News & Opinion

Tapping into readers' attention via newspapers

Newsworks' Communications Manager Jessie Sampson takes a look at how advertisers can capitalise on readers' engagement with print to command attention via clever copy, original ideas and bold creative. 

In a world of so many distractions, newspapers command high levels of attention. 60% of readers do not consume any other media at the same time as reading a newspaper, according to Newsworks' research with PwC. Whether you're settling down with the Saturday spread or catching up on the commute, it's likely you’re going to be focused on what's in front of you - let's face it, it's pretty hard to multi-task while reading. As a result, print is the perfect place for advertisers to capitalise on people's attention with eye-catching, interesting ads. Check out some examples from the past couple of weeks:

Refuge
Some of the best print ads depict beautiful designs and amazing imagery, but some feature nothing more than words and are equally effective. At the start of January, Refuge ran a long-copy ad in newspapers which bought home the terror of domestic violence. Read normally and the tale is a standard account of New Year's Eve, but read it backwards and it tells a different story.

British Airways
At first glance, BA's ad is fairly unassuming. The size and simplicity defy the usual characteristics of attention-grabbing creative, yet there is something about the ticket – almost tactile, sitting on the page – which draws the eye. It's then that you realise that each ticket carries the name of a famous Brit, in celebration of the airline's centenary. It's the sort of detail that works so brilliantly as a newspaper ad, when people are fully engaged in the content in front of them.

Tu Clothing
The supermarket clothing range championed boob diversity with a simple but effective DPS in The Sun. The bold graphics can't fail but grab attention and create curiosity, drawing readers in to find out more about the cause – 'every woman deserves a bra that makes her feel amazing'.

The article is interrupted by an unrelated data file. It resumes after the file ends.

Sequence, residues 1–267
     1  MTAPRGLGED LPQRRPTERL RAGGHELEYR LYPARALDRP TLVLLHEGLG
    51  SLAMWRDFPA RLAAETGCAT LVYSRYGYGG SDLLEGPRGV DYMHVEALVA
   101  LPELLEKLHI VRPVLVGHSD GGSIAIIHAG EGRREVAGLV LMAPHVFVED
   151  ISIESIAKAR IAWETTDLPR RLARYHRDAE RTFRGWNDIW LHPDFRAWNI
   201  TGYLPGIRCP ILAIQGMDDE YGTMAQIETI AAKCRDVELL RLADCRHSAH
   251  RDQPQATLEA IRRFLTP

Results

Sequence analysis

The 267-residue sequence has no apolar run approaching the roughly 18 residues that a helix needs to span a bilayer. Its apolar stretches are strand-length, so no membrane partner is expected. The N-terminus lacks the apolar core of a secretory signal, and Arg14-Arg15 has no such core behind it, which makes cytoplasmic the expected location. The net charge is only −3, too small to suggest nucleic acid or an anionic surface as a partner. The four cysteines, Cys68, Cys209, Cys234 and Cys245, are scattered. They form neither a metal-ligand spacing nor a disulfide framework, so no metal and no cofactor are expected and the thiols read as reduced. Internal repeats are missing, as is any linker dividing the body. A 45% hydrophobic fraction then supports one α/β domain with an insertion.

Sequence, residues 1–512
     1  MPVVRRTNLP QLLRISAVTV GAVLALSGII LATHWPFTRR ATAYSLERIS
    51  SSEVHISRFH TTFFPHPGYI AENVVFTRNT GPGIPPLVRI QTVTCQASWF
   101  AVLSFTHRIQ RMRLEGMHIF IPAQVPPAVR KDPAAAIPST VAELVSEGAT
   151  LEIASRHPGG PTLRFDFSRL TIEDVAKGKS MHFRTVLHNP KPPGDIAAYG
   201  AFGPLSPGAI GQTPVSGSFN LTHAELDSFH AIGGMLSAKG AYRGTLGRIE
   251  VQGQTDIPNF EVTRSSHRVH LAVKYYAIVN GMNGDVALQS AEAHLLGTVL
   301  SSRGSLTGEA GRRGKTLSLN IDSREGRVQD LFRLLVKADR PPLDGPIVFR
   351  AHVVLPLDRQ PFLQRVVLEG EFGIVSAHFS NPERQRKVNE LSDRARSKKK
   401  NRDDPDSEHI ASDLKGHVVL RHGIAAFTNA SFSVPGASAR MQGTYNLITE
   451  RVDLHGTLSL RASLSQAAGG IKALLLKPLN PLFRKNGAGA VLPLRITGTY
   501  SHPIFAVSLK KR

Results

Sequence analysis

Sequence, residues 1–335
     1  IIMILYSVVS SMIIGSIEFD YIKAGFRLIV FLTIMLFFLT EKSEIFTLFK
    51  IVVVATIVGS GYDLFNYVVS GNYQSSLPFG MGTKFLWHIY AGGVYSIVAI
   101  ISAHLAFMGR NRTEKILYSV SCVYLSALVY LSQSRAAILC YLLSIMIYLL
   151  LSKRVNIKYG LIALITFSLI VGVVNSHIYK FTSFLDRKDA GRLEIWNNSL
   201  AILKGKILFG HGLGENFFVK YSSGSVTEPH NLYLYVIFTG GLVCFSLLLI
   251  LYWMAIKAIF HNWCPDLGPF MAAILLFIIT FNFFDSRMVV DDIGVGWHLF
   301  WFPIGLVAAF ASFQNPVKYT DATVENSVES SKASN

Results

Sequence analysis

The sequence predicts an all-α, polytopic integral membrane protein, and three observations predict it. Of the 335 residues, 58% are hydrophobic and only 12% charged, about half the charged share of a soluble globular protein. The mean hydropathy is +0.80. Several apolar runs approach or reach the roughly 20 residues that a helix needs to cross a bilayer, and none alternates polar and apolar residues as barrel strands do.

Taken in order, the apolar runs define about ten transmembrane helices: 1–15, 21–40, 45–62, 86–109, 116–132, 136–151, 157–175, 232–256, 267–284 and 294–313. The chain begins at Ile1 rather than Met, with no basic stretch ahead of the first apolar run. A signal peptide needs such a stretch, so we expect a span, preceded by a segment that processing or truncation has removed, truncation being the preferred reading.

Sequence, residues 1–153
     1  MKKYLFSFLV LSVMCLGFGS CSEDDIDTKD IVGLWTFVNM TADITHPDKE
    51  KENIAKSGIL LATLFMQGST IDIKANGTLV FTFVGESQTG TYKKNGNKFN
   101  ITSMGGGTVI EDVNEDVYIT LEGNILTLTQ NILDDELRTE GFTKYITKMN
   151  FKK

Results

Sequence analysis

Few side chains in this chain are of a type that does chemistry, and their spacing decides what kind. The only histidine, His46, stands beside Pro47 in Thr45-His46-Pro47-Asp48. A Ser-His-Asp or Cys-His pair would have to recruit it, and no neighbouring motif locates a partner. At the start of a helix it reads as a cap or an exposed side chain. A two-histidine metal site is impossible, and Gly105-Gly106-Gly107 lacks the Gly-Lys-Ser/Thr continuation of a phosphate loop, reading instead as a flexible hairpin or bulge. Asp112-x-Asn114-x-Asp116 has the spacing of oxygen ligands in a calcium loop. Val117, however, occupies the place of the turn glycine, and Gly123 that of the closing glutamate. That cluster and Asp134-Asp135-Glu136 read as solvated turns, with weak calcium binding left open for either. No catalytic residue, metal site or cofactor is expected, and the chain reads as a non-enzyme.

Mary Poppins
For the launch of the West End stage show of Mary Poppins, Disney and Cameron Mackintosh ran a standout cover wrap on The Evening Standard, in the form of a replica front page. Headlined 'Supercalifragilisticexpialidocious original is back on stage' the long-copy wrap taps into the 'read all about it' heritage of print newspapers – a fitting tribute to the storyline's era.

HSBC
With Brexit dominating headlines, HSBC's 'We are not an island' creative is a timely reminder of the UK's diversity and the influence of other countries on our day-to-day lives. While the ad sparked controversy over perceived anti-Brexit sentiment, the debate doesn't detract from the power of the ad. The fact that advertising continues to fuel discussion is surely no bad thing.

Good ads engage and intrigue; prompting people to pause, take the message in and find out more. That's no small feat considering how much content we are all exposed to on a daily basis. The above examples show how advertisers can capitalise on readers' engagement with print to command attention via clever copy, original ideas and bold creative.

This blog was first published by INMA

by Jessie Sampson 07/02/19

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